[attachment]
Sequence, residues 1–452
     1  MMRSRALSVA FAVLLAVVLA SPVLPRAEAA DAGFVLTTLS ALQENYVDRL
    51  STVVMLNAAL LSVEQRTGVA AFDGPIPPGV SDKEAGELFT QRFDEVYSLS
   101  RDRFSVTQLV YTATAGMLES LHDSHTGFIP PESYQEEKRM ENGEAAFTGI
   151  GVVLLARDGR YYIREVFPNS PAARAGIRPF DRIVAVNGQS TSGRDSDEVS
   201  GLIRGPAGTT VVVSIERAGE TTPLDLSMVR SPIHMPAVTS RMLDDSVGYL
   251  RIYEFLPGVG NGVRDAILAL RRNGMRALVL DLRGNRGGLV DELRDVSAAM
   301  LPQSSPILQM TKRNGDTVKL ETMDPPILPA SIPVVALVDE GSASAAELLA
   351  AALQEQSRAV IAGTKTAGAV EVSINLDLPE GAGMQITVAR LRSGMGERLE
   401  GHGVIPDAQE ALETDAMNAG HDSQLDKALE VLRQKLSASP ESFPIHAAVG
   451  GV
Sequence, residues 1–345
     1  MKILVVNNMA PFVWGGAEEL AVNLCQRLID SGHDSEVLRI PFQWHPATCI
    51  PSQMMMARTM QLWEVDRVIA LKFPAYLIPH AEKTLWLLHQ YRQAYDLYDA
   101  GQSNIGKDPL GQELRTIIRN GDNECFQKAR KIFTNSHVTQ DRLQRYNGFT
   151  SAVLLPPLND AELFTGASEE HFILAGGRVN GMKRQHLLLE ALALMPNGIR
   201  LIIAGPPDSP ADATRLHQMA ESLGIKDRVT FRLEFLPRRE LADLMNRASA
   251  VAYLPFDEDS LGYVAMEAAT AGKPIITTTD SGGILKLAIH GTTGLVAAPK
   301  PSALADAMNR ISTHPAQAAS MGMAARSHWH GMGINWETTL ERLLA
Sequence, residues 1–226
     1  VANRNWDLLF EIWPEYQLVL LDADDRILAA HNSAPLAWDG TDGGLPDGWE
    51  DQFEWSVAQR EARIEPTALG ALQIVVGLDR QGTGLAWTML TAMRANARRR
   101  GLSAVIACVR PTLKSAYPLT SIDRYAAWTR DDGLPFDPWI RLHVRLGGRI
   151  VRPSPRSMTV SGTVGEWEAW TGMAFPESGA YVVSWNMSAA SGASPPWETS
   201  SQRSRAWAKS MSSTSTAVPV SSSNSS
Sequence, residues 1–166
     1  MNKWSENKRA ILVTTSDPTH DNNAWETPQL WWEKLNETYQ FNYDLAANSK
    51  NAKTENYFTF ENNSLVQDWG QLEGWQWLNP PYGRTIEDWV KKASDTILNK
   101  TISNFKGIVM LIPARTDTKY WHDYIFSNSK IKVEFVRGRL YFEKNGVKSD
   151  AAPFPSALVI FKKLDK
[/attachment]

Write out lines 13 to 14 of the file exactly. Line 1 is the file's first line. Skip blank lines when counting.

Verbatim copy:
     1  MKILVVNNMA PFVWGGAEEL AVNLCQRLID SGHDSEVLRI PFQWHPATCI
    51  PSQMMMARTM QLWEVDRVIA LKFPAYLIPH AEKTLWLLHQ YRQAYDLYDA